A state-of-the-art security command center was unveiled this week by the Secure Community Network (SCN) to ensure that the Jewish community is prepared in the event of any violence or threats.
Dubbed the National Jewish Security Operations Command Center, JSOCC, was built with funding by private donors and gives the SCN—the security arm of the Jewish Federations of North America and the Conference of Presidents of Major American Jewish Organizations—a high-tech, centralized location where its intelligence analysts and security professionals can monitor and track threats to the Jewish community and coordinate response with its partners including local, state and federal law enforcement.
“The JSOCC will enhance our ability to provide greater protection and improved response time more effectively and efficiently, moving us into a more proactive position to address security concern and threats with key partners from law enforcement to Jewish communities,” Michael Masters, national director and CEO of SCN, told JNS.
According to Masters, the command center, which is located in Chicago, will be staffed 16 hours a day, but can be increased to 24 hours a day if needed. It includes a 16-foot video wall to allow for “optimal incident track and response,” as well as individual workstations. JSOCC can seat eight people, but has an overflow capacity to accommodate additional staff in the event of a major incident.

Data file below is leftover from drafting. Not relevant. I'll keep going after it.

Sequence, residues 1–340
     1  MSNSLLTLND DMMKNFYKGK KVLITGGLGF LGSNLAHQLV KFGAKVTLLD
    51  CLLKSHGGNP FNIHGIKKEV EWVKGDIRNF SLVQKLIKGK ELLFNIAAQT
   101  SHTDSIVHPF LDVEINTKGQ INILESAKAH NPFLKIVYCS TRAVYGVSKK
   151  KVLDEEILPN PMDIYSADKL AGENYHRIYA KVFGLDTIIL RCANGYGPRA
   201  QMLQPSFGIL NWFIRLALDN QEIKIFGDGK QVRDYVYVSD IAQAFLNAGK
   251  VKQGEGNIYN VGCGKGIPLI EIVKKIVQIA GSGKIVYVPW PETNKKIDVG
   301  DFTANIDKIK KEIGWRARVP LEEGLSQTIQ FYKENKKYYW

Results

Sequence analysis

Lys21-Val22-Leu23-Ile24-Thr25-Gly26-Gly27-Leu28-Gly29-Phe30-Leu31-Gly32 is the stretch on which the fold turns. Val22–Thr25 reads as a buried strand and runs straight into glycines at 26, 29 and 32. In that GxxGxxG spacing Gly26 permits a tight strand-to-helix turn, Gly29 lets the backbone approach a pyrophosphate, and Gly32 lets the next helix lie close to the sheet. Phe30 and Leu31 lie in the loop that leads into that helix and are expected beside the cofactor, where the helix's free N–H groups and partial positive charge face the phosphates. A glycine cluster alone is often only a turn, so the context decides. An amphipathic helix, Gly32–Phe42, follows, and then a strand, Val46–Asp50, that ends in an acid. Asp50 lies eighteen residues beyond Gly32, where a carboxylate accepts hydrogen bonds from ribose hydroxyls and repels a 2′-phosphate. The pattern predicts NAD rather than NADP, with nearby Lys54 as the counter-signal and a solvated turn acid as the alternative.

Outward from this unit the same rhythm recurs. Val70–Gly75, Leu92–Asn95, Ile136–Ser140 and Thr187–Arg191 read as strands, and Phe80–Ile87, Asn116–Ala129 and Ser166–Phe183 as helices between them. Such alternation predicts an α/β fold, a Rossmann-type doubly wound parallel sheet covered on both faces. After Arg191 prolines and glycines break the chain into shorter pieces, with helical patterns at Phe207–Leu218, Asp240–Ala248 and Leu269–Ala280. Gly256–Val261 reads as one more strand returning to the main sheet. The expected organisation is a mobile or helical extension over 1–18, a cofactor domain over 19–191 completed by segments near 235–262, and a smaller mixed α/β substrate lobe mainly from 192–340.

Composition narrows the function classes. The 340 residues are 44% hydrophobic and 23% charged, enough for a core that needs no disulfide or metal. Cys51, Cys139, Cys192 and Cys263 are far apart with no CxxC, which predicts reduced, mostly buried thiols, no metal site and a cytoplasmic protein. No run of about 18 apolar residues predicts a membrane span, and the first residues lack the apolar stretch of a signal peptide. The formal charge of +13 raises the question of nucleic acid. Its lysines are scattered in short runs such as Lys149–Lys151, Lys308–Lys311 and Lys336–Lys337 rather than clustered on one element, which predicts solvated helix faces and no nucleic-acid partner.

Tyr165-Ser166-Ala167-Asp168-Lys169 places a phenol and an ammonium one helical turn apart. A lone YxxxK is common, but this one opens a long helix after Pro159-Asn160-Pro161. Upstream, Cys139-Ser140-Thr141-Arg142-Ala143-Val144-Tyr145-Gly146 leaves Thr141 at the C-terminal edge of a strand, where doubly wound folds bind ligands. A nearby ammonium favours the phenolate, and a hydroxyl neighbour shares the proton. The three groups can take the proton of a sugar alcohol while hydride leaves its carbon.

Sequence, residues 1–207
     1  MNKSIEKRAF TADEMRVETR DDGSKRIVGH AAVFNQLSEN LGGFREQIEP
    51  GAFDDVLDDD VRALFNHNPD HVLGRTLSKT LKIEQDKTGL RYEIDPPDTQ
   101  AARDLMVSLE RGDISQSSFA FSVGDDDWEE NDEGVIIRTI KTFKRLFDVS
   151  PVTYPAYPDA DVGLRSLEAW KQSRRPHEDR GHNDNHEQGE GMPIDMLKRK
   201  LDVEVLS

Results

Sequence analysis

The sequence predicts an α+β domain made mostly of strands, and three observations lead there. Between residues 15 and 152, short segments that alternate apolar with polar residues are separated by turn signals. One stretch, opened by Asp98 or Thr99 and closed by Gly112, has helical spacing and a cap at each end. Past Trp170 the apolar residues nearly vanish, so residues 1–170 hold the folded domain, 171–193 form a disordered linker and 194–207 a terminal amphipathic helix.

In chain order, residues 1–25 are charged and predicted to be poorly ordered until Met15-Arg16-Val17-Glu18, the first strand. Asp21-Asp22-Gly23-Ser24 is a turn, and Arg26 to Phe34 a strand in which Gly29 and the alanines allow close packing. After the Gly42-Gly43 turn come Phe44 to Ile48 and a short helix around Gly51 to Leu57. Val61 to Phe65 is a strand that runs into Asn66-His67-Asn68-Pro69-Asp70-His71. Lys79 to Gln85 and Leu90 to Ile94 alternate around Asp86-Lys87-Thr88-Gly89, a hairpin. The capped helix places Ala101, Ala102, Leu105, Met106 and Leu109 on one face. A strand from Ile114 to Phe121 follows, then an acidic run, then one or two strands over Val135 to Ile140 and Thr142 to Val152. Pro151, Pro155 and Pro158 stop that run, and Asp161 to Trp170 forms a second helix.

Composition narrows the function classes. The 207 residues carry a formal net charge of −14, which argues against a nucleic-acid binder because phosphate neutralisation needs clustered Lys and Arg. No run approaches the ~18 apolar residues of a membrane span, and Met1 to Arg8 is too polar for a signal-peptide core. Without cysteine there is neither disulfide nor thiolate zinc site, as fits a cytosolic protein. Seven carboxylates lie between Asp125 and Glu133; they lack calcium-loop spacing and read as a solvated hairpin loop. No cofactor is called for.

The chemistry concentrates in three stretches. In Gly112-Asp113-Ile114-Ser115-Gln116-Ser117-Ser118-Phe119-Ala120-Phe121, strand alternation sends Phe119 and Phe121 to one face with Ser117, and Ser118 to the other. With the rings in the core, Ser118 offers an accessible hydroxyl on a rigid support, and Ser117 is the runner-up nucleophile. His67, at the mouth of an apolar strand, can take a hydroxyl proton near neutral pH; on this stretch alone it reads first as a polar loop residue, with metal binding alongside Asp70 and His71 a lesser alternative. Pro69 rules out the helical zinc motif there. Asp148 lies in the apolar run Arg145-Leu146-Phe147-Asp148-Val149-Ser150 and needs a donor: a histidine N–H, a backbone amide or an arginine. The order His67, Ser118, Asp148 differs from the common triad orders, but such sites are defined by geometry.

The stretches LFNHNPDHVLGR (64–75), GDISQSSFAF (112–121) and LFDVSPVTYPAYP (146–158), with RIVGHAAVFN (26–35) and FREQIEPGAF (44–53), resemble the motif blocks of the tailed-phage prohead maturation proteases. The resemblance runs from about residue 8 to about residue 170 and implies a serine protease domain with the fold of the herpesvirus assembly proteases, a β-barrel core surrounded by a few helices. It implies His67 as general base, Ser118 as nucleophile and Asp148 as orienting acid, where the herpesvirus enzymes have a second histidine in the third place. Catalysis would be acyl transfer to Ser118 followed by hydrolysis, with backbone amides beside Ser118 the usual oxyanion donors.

It is, he said, “a significant step forward in protecting our people.”
“We are in the most complex and dynamic threat environment we have seen. In many years, recent data from the FBI and DHS, along with our own assessment and that of partners like the ADL [Anti-Defamation League] confirms this,” he said. “This past week, the FBI Director [Christopher Wray] testified that the number of domestic terrorism cases doubled in the last year—roughly three cases a day are being opened.”
According to SCN, it saw a 125 percent increase in reporting of incidents and issues related to the Jewish community in 2020.
That heightened trend appears to be continuing into 2021. As a result of the Gaza conflict in May, the ADL recorded a 98 percent increase in online anti-Semitism and anti-Semitic threats spiked by as much as 75 percent in cities across the United States.
“While we are currently unaware of any specific attack planning, we constantly monitor the desire of many of our adversaries, domestic and international, to inflict harm and terrorize our community,” he stated. “The JSOCC is enhancing our ability to do this more effectively and efficiently moving into a more proactive position.”
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